Unlike some of my friends, my decision to retire was not difficult. A career as a home builder had been both challenging and rewarding, but it often required long hours and could be stressful at times. An additional career as an officer in the U. S. Army Reserve was equally rewarding, but it took time away from my family and consumed vacation time for more years than I care to remember. I planned to use the “Golden Years” as a means to even things out a bit.
Today, my passion is travel and sharing the journey with others on our website, Easin’ Along. I want to see as much of North America as I am able, and I want to do it by taking the roads less traveled. After several extended road trips in our car, Helen (adorable wife) and I invested in an RV. Now, a 26-foot travel trailer named Gracey has become our home on the road with the potential to enrich our lives tremendously.
Around the time Donna honored us with a request for a contribution to her Sunday Series, we were preparing to take Gracey on our next adventure–a snowbird trip to someplace warm. My suggestion to Donna was a post about snowbird retirees if I could find any. Well, Donna, we found a gaggle, and we couldn’t wait to introduce a sampling of these interesting folks to your readers.
Ken and Patty have been snowbirding in Florida campgrounds since 2003 to escape the winters of Southern Michigan. After overhearing a group of volunteers discussing their campground duties for the day, Patty immediately told Ken that she wanted to get involved. They have volunteered at campgrounds ever since and served as campground hosts on occasion. Their current post is The Orman House, a historical home in Apalachicola, Florida built in 1838 by a cotton merchant. They volunteer as guides three days a week, but work in the gardens on their off days “just because we love it.”
Bill and Eileen began coming to Jekyll Island, GA from their home near Akron, Ohio many years ago. Wanting to do more than sit and whittle, Bill soon volunteered to perform odd jobs around the camp. After parking Gracey in the campground at Jekyll Island State Park, we would see this pleasant gentleman applying a coat of paint to signposts, doors, windows while chatting with everyone who passed. Bill told me that painting gives him a great deal of satisfaction and allows him to engage with other snowbirds. “Besides,” he said, “there is a lot to paint here, so this is great job security.” Bill is a volunteer who loves his winters and his work.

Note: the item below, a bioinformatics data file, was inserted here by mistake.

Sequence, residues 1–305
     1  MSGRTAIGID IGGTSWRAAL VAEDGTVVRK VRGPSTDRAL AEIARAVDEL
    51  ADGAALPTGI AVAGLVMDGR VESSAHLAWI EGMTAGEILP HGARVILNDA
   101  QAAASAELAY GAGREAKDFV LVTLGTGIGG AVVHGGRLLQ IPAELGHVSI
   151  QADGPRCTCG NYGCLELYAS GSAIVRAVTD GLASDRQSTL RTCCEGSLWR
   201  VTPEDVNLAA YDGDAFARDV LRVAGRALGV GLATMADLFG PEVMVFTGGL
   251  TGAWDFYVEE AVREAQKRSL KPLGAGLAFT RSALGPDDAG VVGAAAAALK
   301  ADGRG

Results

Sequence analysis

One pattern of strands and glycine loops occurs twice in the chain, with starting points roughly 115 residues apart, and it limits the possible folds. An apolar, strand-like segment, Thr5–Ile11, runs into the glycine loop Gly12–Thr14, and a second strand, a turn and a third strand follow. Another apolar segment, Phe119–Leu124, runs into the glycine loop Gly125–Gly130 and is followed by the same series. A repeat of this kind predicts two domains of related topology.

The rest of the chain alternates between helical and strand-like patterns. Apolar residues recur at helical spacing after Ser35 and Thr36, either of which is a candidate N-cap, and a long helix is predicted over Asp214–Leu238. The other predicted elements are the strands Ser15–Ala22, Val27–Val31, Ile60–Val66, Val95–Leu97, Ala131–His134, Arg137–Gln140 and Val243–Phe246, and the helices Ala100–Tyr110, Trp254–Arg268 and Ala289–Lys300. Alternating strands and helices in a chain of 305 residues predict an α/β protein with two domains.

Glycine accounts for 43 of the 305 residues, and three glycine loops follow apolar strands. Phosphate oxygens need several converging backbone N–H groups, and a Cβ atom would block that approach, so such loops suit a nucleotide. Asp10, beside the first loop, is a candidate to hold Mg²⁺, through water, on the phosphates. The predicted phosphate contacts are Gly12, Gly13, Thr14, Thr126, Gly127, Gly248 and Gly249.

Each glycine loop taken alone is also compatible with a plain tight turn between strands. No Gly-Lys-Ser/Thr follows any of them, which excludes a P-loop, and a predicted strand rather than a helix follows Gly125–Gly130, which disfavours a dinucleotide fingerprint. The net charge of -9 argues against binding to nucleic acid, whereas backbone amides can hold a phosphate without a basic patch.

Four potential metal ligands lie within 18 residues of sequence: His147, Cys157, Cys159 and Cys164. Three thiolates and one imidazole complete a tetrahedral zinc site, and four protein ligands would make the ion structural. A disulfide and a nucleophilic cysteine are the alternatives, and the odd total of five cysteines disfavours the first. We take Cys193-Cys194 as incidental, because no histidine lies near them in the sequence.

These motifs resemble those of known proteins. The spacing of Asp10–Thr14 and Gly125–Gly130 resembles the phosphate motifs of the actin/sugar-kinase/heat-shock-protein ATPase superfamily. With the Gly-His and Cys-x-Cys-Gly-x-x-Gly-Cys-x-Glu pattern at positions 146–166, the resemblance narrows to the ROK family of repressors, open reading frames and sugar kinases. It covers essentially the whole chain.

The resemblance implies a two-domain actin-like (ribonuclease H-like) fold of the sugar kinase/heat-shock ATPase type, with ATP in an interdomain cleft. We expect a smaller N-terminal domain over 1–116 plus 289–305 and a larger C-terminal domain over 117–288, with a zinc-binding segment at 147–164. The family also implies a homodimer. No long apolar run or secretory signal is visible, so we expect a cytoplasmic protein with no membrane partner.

Jeff and Barney, two brothers from Buffalo, NY come to the Mayport Naval Station near Jacksonville, FL every year to serve as hosts in the RV Park on the base. Both are Army retirees with over 20 years of service to our country. We met them shortly after we arrived and encountered difficulty connecting the utilities to Gracey. Jeff and Barney came immediately, and soon we were up and running. We discovered that we had served in several of the same posts in Germany, and I had a delightful time sharing old Army stories with them. The next morning we found this tireless twosome in the camp kitchen cooking up pancakes for the monthly pancake breakfast. Throughout our stay, we continued to see both men riding through camp in golf carts offering a hand to anyone in need. I enjoyed meeting them.
Not all the snowbirds we met were looking for responsibility. Some just came to thaw out and pursue activities other than the usual chores associated with life in their hometown. We observed a couple in Panama City who visited the beach each day to read, perhaps work a crossword puzzle or nap. Others came south to participate in the many campground activities organized by the volunteers. We found large bulletin boards filled with lists of activities available to snowbirds eager for stimulation and social encounters. Others just wanted to sit around a campfire and share information about RV lifestyle and travel, including very valuable information about favorite campgrounds.
One morning at Jekyll Island, I passed the Community Room where three ladies were seated in comfortable chairs, each knitting furiously, and absorbed in lively conversation. I entered the room and asked them what they were making. A lady, with an enormous ball of twine in her lap, looked up at me with a big smile and said, “Friends.”
In a word, that sums up much about snowbird retirees.
Joe Bruner retired from a career in the home building industry and a second career as an officer in the US Army Reserve. He and his wife Helen, who retired from the staff of a private preparatory school, live in Knoxville, Tennessee. They have written extensively about their travels and retirement lifestyle on their website Easin’ Along.